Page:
How to Install Java on Debian 10 Linux

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Install Java on Debian 10 Buster

In this tutorial, we will explain how to install Java (OpenJDK) on Debian 10 Linux.

Java is one of the most popular programming languages used to build different kinds of applications and systems. Applications developed in Java are scalable, flexible, and maintainable.

Before You Begin

There are two different implementations of Java, OpenJDK and Oracle Java, with almost no differences between them except that Oracle Java has a few additional commercial features. Oracle Java License permits only non-commercial use of the software, such as personal use and development use.

The default Debian 10 repositories include two different Java packages, Java Runtime Environment (JRE) and Java Development Kit (JDK). JRE includes the Java virtual machine (JVM), classes, and binaries that allow you to run Java programs. Java developers should install JDK, which includes JRE and development/debugging tools and libraries necessary to build Java applications.

If you are not sure which Java package to install, the general recommendation is to stick to the default OpenJDK (JDK 11) version. Some Java-based applications may require a specific version of Java, so you should consult the application documentation.

Installing OpenJDK 11

OpenJDK 11, the open-source implementation of the Java Platform, is the default Java development and runtime in Debian 10, Buster.

Run the following commands as a user with sudo privileges or root to update the packages index and install the OpenJDK 11 JDK package:

sudo apt updatesudo apt install default-jdk

Once the installation is complete, you can verify it by checking the Java version:

java -version

The output should look something like this:

openjdk version "11.0.3" 2019-04-16
OpenJDK Runtime Environment (build 11.0.3+7-post-Debian-5)
OpenJDK 64-Bit Server VM (build 11.0.3+7-post-Debian-5, mixed mode, sharing)

That’s it! At this point, you have successfully installed Java on your Debian system.

JRE is included in the JDK package. If you need only JRE, install the default-jre package.

Installing OpenJDK 8

At the time of writing, the previous Java LTS version 8 is not available in the official Debian Buster repositories.

We’ll enable the AdoptOpenJDK repository, which provides prebuilt OpenJDK packages.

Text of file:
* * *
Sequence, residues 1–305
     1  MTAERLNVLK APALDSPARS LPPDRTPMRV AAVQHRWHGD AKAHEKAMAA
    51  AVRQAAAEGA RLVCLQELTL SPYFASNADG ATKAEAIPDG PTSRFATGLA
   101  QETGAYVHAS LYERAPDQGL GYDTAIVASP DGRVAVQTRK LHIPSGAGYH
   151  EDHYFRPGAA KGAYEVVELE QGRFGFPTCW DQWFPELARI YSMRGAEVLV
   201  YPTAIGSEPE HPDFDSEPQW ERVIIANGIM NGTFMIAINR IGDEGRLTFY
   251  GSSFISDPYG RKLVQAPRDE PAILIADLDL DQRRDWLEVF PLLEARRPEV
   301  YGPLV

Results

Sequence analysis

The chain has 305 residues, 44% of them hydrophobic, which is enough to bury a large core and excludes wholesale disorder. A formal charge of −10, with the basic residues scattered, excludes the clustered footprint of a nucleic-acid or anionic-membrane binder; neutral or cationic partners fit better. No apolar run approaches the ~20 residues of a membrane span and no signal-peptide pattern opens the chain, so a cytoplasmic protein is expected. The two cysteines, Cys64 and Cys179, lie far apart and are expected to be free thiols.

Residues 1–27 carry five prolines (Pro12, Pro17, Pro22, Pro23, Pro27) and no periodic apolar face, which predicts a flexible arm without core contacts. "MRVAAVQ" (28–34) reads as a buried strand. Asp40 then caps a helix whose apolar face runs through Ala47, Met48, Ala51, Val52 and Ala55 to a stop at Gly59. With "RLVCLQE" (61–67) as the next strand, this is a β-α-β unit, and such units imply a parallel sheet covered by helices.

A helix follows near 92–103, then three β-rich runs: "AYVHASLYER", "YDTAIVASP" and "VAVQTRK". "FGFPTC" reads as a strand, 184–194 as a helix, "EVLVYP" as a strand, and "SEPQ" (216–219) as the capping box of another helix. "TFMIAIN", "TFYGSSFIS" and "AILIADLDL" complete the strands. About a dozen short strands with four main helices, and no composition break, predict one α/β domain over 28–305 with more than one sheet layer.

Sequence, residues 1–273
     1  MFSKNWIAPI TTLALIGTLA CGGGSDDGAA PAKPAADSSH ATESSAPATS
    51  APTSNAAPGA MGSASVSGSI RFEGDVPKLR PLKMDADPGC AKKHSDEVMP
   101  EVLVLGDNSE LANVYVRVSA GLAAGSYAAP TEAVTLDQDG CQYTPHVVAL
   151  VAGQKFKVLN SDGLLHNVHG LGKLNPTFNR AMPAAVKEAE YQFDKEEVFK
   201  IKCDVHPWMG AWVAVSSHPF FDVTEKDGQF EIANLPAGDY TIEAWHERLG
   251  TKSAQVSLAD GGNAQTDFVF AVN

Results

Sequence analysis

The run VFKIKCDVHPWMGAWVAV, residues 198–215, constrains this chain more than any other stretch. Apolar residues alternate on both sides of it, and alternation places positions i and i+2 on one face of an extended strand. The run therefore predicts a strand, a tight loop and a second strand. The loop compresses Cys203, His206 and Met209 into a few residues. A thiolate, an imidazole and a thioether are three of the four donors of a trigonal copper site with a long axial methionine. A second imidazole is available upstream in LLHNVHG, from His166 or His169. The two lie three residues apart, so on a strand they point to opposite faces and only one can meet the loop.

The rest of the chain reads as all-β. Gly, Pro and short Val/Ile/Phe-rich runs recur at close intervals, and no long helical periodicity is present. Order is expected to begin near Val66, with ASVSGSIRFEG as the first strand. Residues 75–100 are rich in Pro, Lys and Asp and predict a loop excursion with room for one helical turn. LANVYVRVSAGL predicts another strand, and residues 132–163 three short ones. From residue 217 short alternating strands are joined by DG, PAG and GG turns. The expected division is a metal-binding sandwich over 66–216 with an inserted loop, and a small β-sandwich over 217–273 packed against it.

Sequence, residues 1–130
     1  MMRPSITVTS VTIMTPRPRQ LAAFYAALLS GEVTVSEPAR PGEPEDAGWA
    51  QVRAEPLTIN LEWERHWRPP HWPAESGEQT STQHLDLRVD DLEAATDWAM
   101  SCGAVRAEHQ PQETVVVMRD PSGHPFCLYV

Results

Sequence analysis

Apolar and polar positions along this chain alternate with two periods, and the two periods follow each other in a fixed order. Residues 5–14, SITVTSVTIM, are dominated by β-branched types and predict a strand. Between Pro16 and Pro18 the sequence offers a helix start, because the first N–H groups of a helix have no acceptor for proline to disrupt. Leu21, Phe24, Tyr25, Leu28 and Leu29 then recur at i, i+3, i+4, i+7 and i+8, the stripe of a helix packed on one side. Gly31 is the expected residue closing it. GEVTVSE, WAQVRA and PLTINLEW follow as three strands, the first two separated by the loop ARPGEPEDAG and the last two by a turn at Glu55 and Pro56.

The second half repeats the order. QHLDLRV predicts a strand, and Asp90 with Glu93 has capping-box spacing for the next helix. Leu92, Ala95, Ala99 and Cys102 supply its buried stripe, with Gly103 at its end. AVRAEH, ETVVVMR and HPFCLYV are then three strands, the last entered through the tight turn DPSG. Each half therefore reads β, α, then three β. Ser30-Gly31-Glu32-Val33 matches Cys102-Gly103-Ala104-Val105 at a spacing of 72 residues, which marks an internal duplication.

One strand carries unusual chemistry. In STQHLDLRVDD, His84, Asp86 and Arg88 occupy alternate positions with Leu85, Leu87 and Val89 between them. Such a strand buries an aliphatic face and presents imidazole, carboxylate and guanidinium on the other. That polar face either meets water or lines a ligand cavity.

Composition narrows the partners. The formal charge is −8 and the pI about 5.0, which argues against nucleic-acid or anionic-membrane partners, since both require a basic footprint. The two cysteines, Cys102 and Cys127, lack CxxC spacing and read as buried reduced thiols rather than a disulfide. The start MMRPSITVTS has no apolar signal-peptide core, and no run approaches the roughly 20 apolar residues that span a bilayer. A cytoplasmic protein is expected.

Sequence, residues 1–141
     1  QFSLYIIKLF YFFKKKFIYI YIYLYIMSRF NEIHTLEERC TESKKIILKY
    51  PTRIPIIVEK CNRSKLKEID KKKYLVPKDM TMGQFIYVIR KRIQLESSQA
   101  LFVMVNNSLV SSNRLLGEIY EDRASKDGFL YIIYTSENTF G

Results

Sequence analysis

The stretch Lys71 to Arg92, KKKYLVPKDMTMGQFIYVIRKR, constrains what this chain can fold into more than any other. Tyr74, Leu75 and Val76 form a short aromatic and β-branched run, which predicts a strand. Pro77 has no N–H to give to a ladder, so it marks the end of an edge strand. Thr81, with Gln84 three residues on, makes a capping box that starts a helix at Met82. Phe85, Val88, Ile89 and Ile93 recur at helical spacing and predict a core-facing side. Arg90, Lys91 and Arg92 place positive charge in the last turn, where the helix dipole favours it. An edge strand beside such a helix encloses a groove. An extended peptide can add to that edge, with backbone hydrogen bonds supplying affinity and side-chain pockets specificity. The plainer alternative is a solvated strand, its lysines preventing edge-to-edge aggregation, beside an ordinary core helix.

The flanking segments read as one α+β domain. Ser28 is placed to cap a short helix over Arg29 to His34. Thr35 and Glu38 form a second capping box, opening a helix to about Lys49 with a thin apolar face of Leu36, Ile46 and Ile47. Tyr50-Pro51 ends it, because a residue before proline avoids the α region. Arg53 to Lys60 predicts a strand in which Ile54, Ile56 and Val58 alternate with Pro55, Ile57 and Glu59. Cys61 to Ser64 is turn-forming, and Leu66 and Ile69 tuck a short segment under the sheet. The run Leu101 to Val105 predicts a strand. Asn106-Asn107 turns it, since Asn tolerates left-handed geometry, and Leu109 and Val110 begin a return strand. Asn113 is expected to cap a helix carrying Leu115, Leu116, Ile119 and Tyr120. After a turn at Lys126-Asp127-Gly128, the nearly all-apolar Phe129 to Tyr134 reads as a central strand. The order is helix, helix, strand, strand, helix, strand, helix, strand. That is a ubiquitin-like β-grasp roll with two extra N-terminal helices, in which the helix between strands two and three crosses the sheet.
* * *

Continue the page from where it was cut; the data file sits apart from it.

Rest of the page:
1. Start by updating the packages list and installing the dependencies necessary to add a new repository over HTTPS:

    sudo apt updatesudo apt install apt-transport-https ca-certificates wget dirmngr gnupg software-properties-common
  2. Import the repository’s GPG key using the following wget command:

    wget -qO - | sudo apt-key add -
  3. Add the AdoptOpenJDK APT repository to your system:

    sudo add-apt-repository --yes
  4. Once the repository is enabled, update apt sources and install Java 8 using the following commands:

    sudo apt updatesudo apt install adoptopenjdk-8-hotspot
  5. Finally, verify the installation by checking the Java version:

    java -version

    The output should look something like this:

    openjdk version "1.8.0_212"
    OpenJDK Runtime Environment (AdoptOpenJDK)(build 1.8.0_212-b04)
    OpenJDK 64-Bit Server VM (AdoptOpenJDK)(build 25.212-b04, mixed mode)

Set the default version

If you have multiple Java versions installed on your Debian system you can check what version is set as the default one by typing:

java -version

To change the default version, use the update-alternatives command:

sudo update-alternatives --config java

The output will look something like below:

There are 2 choices for the alternative java (providing /usr/bin/java).

  Selection    Path                                                Priority   Status
* 0            /usr/lib/jvm/java-11-openjdk-amd64/bin/java          1111      auto mode
  1            /usr/lib/jvm/adoptopenjdk-8-hotspot-amd64/bin/java   1081      manual mode
  2            /usr/lib/jvm/java-11-openjdk-amd64/bin/java          1111      manual mode

Press <enter> to keep the current choice[*], or type selection number: 

You will be presented with a list of all installed Java versions. Enter the number of the version you want to be used as the default and press Enter.

JAVA_HOME Environment Variable

The JAVA_HOME environment variable is used by some Java applications to determine the Java installation location.

To set the JAVA_HOME environment variable, use the update-alternatives command to find where Java is installed:

sudo update-alternatives --config java

In this example, the installation paths are as follows:

  • OpenJDK 11 is located at /usr/lib/jvm/java-11-openjdk-amd64/bin/java
  • OpenJDK 8 is located at /usr/lib/jvm/adoptopenjdk-8-hotspot-amd64/bin/java

Once you found the path of your preferred Java installation, open the /etc/environment file:

sudo nano /etc/environment

Assuming you want to set JAVA_HOME to OpenJDK 11, add the following line, at the end of the file:


For changes to take effect on your current shell you can either log out and log in or run the following source command :

source /etc/environment

Verify that the JAVA_HOME environment variable was correctly set:


You should see the path to the Java installation:

/etc/environment is a system-wide configuration file, which is used by all users. If you want to set the JAVA_HOME variable on a per-user basis, then add the line to the .bashrc or any other configuration file which is loaded when the user logs in.

Uninstall Java

You can uninstall Java like any other package installed with apt .

For example, to uninstall the default-jdk package simply run:

sudo apt remove default-jdk


The latest LTS version of OpenJDK is available in the default Debian 10 Buster repositories, and the installation is a simple and straightforward task.

If you have any questions, feel free to leave a comment.